Almost half of the patients treated by BMI – whose boss Jill Watts got £1.4 million in pay and benefits in the last financial year – are NHS referrals.
The allegations against Sait raise general questions about the safety of patients treated within the private sector, where governance and transparency procedures differ from those within the NHS. Many private hospitals do not pay their doctors a salary, but give them a fee for each patient they see and treat, with more complex surgery earning the doctor a higher fee. Private hospitals contracted by the NHS are also paid according to how many patients they treat.
There can therefore be a financial incentive for doctors and hospitals to over-treat. This does not exist in the NHS, where clinicians receive an annual salary or are paid per shift if they are locums.
Knee arthroscopies on older patients are a classic example of this, a common procedure despite multiple controlled trials indicating it provides little benefit. The procedure was the subject of controversy in 2011 when BUPA accused surgeons of performing arthroscopies unnecessarily after discovering its insured members were twice as likely as NHS patients to have the operation.
Editorials in the British Medical Journal in 2015 and 2016 said knee arthroscopies were highly questionable and argued financial incentives were the reason so many were being carried out.
BMI has previously been accused of compromising patient safety.
Last week it was reported that an NHS-funded patient of a different BMI hospital in London was suing the chain after developing pulmonary embolism – a life-threatening condition – following spinal surgery. It is alleged the hospital altered medical records to suggest the patient was given preventative drugs after the operation in 2013.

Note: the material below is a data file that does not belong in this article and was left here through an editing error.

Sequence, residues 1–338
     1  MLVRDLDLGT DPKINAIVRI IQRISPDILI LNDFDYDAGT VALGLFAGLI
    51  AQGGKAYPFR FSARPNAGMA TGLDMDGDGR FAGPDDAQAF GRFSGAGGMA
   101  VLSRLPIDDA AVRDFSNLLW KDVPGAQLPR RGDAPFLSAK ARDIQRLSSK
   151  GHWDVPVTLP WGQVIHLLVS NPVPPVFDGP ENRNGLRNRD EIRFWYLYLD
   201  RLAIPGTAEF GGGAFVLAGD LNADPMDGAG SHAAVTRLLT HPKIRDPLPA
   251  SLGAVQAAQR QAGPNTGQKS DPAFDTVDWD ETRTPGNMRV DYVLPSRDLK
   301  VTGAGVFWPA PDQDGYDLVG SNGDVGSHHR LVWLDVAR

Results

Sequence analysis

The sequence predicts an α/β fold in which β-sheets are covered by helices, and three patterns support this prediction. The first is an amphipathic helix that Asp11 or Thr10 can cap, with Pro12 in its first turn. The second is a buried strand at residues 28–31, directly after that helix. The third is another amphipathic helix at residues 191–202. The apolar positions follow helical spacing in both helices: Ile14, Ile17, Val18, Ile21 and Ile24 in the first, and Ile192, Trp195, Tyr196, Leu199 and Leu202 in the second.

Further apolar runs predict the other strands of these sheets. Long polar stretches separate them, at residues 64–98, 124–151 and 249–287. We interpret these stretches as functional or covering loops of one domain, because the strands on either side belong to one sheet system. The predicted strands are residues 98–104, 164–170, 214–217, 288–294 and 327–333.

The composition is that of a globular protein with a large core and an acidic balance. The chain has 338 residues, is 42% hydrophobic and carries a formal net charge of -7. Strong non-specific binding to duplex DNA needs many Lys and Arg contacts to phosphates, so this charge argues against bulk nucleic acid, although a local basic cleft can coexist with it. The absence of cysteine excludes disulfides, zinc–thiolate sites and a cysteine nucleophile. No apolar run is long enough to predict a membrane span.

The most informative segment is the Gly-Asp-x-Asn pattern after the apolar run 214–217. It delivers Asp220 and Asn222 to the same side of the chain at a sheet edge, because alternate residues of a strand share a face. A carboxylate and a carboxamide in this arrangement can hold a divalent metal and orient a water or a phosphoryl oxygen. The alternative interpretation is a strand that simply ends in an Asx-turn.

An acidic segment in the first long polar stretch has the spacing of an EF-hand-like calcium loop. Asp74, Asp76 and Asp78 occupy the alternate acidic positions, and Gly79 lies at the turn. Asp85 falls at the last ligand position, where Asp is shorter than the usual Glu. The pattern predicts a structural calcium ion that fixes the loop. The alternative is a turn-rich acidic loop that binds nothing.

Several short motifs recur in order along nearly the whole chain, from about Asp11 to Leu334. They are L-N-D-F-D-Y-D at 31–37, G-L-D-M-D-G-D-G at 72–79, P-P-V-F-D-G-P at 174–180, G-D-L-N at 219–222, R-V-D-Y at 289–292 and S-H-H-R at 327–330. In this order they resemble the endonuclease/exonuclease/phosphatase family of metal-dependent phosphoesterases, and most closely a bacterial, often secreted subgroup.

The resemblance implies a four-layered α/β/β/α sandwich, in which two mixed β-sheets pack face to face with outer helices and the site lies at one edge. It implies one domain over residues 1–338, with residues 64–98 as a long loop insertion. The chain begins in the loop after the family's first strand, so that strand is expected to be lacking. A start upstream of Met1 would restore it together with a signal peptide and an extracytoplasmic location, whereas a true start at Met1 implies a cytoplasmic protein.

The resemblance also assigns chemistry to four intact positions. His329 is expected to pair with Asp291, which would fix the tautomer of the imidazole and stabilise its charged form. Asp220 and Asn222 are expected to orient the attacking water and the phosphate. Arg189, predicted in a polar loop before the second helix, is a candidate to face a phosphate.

In 2015, an NHS patient at a BMI hospital in Lancaster died from pulmonary embolism when the hospital missed “multiple opportunities” to avoid the condition occurring, according to the coroner who carried out the inquest, including failing to give her preventative treatment despite her being at high risk of developing the condition.
A report published by think tank Centre for Health and Public Interest (CHPI) in March 2015, which looked into NHS outsourcing of community and secondary care, said a lack of accountability in profit-driven healthcare was putting NHS patients at risk. “If profits can be increased (or losses reduced) by cutting the quality of services to patients, or by cutting corners, there is an incentive to do it,” it said. “And this may be enhanced by pressure from managers who have corporate profit targets to meet.”
The CHPI also warned the complexity of the NHS contracts with the private sector combined with a lack of transparency meant there was no effective oversight. Poor information sharing and contract enforcement “makes it almost impossible for a commissioner of services to know whether a provider is delivering according to the terms of the contract, or is cutting corners or reducing quality in order to gain extra revenue,” it said.
A spokesperson for the Dartford, Gravesham and Swanley Clinical Commissioning Group and NHS England South East told the Bureau: “The NHS has a clear and robust process for monitoring and reporting fraud, which is independently reviewed to ensure that both the NHS, and independent hospital providers alike, maintain high quality healthcare for patients, and use public money appropriately.”
The CCG and NHS were aware of the allegations against Sait and independent investigations were underway, the spokesperson said.
A CQC spokesperson said its inspection report on Fawkham Manor Hospital was “currently undergoing factual accuracy checks, as part of our usual publication process”, and it would be published as soon as that process concluded.
Dr Howard Freeman, Clinical Director at the NHS Partners Network – which represents private hospitals and other independent providers offering services to the health service – said : “All independent providers are accredited by the Care Quality Commission to ensure they provide the same quality and safety standards as the NHS. More than 70 per cent of acute independent hospitals currently have ‘good’ or ‘outstanding’ CQC ratings. Any clinical professional who knowingly carries out unnecessary activity faces disciplinary action from the GMC, being struck off or even criminal charges.”
Have you got concerns about care you received as an NHS patient in the private sector? Contact [email protected]
Photograph of Mohammed Suhaib Sait via Daily Mail